Data-driven insights are only useful when that data is relevant to the community in question. Different communities behaving in similar ways might be doing so for completely different reasons. Quantitative data (footfall) is useful for telling us what is happening at a large scale, although it is limited in capturing underlying social structures and infrastructures. This is where qualitative data comes in, letting us better understand why things happen.
A forum participant shared this example: footfall data might tell us that young men in a neighbourhood visit a barbershop regularly; meanwhile, qualitative data might tell us that they visit that barbershop not just for haircuts, but for companionship and to socialise. Footfall data alone can cause us to miss ‘invisible’ social infrastructure of this nature.
“It might be that the guidelines for how to use these tools will be as important as the tools themselves, to ensure that people aren’t blinded by the quantitative aspects.”Dr Zoe Marshall-Jones, Loughborough University
- 4. Many pieces make a whole
Built environment professionals working with the spatial and physical fabric of high streets cannot of themselves conjure cohesive social structures, but they can strive to create the right conditions for these to thrive. High streets that layer uses and users are generally more resilient and vibrant than monofunctional spaces. Similarly, as great as any single data set might be, the magic of modelling is in the combination of multiple diverse variables.
“You need data to measure the effect of combinations. It’s how the whole thing comes together that counts.”Simon Bishop, Islington Council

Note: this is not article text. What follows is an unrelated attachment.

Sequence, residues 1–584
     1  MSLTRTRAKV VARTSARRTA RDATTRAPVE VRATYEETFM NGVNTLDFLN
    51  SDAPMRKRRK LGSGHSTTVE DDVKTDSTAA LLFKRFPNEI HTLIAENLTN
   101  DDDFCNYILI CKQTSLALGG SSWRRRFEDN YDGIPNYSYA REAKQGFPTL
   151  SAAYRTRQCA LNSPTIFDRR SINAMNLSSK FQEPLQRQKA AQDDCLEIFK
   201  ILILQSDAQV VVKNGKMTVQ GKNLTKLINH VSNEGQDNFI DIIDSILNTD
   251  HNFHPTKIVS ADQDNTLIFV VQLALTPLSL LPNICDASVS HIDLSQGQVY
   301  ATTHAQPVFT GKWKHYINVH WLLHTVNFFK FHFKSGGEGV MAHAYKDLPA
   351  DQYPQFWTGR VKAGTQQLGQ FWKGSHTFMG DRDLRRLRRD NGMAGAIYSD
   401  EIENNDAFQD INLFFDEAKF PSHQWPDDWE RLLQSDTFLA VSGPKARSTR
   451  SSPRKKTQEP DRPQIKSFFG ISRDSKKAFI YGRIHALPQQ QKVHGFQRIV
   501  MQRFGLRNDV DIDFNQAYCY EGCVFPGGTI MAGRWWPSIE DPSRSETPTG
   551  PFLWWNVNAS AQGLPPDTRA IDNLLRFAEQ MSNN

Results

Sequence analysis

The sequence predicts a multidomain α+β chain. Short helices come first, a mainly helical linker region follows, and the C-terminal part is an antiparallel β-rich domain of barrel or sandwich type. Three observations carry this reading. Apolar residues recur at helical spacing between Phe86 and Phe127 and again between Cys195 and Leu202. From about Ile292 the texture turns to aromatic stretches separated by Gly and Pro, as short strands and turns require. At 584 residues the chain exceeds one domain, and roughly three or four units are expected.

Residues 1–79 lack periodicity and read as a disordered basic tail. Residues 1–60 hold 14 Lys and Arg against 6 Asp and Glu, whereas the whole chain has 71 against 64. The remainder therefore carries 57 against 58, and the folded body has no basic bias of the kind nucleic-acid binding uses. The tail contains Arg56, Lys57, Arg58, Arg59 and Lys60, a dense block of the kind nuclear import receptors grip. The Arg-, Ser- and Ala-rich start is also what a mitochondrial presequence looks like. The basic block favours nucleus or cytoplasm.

- 5. Changing needs or driving needs?
Future high streets must be tailored to future needs. There has been an overarching shift towards online retail during the pandemic but this is especially true for Gen Z and millennials. Any tool that predicts footfall should be able to account for how the needs of a community will shift over time. An advanced footfall tool could give us insight into what is attracting people to a place – the popular attractions and key drivers of footfall – and might be able to predict how these attractions and drivers will evolve over time.
“Predictive modelling is always challenging. Any predictive analysis is trained on past data, and therefore it may be more misleading than accurate.”Craig Campbell, London High Streets Data Service
- 6. Morality of data
Data has been used in regeneration projects to design places for commercial profit. For example, designing places that extract the maximum number of transactions out of people who use them, or designing places to maximise the amount of rent that a landlord can collect from their tenants. Data could similarly be used to design places that exclude specific groups of people or intentionally dissolve social infrastructure. How do we ensure data isn’t used nefariously, and who will hold the people to account?
“Our focus should be on local communities. We have a responsibility to remember the human side of data.”Cristina Gaidos, Croydon Council
We look forward to sharing further updates from this project as the research progresses.
About the initiative
Knowledge Transfer Partnerships (KTPs) aim to help businesses improve their competitiveness and productivity through the better use of knowledge, technology, and skills within the UK knowledge base. This KTP project was funded by UKRI through Innovate UK.
- Martin Wedderburn, Wedderburn Transport Planning
- Dr Zoe Marshall-Jones, Loughborough University
- Jonathan Pile, The Oval Partnership
- Olumide Odetunde, The Oval Partnership
- Tom Atkinson, Transport for London
- Simon Bishop, London Borough of Islington
- Craig Campbell, GLA
- Stephanie Edwards, Urban Symbiotics
- Prof. Marcus Enoch, Loughborough University
- Cristina Gaidos, Croydon Council
- Isabelle Hease, Visitor Insights
- Richard James, Hassell
- Ahmad Merii, Inner City Consulting
- James Parkinson, GLA
- Aishni Rao, GLA
- Victoria Smyth, Avison Young
Edited by Fergal McGinley & Camilla Siggaard Andersen